Kettlebells, for those who don’t know know are traditionally cast iron or cast steel weights, picture a cannonball with a handle. It’s not uncommon to see the weight of kettlebells marked in kilograms not pounds. Developed in Russia during the 1700’s they were primarily used for weighing crops however, it is believed that Russian farmers started lifting them to make themselves stronger and show off their strength at carnivals and festivals. If you’ve read up on kettlebells you will know they later became used as strength and conditioning tools for the Soviet military during the 20th century.
Unlike dumbbells the kettlebell’s center of gravity is extended beyond the the grip of the individual facilitating the ballistic and swinging movements which are essential to training with kettlebells. Typical kettlebell exercises are great for building strength and endurance, especially in the back, legs and shoulders primarily but also provide the same benefits secondarily to the entire body as the movements themselves require engagement from the whole body. The swing, snatch and clean and jerk are three of the basic movements of kettlebells and engage the entire body thus mimicking real world activities.
Kettlebell exercises often involve large numbers of repetitions and are compound in nature, working multiple muscle groups at the same time. It’s because of these higher repetitions and the intensity in which the exercises are performed that makes the workout more aerobic as compared to traditional weightlifting. One study from the American Council on Exercise (ACE) found that you can burn up to 20 calories per minute kettlebell training, depending on the effort you’re putting in. The fluidity of the transitions from one exercise to another can make it easier on your body as well. Let’s not forget that in addition to strength routines it can also be added into HIIT and Tabata workouts.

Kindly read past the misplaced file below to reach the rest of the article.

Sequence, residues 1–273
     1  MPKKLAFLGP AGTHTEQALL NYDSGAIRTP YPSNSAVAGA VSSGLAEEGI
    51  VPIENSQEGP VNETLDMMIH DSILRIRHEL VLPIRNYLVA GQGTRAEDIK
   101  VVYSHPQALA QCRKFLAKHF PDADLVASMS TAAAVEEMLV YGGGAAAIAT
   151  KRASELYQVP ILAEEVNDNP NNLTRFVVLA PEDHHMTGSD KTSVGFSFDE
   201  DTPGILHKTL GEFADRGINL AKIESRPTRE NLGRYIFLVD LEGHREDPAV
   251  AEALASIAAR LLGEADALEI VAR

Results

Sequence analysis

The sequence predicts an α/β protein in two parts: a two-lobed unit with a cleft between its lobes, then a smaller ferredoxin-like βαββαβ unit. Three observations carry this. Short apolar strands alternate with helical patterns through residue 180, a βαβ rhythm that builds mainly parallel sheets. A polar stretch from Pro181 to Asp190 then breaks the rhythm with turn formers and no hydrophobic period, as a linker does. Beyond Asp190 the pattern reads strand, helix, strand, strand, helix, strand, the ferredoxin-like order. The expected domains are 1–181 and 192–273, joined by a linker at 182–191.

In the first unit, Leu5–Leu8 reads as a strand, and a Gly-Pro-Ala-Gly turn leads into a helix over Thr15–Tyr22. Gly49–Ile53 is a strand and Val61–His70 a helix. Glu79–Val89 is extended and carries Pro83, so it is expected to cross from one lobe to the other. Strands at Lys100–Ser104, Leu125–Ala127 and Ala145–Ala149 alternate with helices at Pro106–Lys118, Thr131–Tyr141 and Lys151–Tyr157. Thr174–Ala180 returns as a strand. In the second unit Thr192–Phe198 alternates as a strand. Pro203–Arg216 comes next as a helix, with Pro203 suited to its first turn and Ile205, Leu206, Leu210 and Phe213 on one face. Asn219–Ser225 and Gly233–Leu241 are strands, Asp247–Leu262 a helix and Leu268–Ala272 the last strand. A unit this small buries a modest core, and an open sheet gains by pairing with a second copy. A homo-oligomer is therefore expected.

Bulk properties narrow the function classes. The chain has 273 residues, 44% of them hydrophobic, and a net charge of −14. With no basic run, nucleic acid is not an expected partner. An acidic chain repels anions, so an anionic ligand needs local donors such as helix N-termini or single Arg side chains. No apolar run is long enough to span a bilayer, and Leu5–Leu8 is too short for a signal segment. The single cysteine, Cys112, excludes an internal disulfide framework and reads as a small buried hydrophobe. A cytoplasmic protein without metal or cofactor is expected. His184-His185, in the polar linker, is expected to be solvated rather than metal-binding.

If you are buying yourself equipment to use at home, the kettlebell is pound for pound the best bang for your buck. You are more likely to outgrow a 25 pound dumbbell before you outgrow a 25 pound kettlebell. The benefits are incredible!
Convinced yet? If you are you’ll need to know how to choose the right weight for you to get started. That’s actually pretty simple. Pick up a kettlebell by the handle, lift and extent it out in front of you with two hands and hold. Is it easy? then the weight is too light for you. It should be too heavy to comfortably hold a kettlebell extended out in front of you.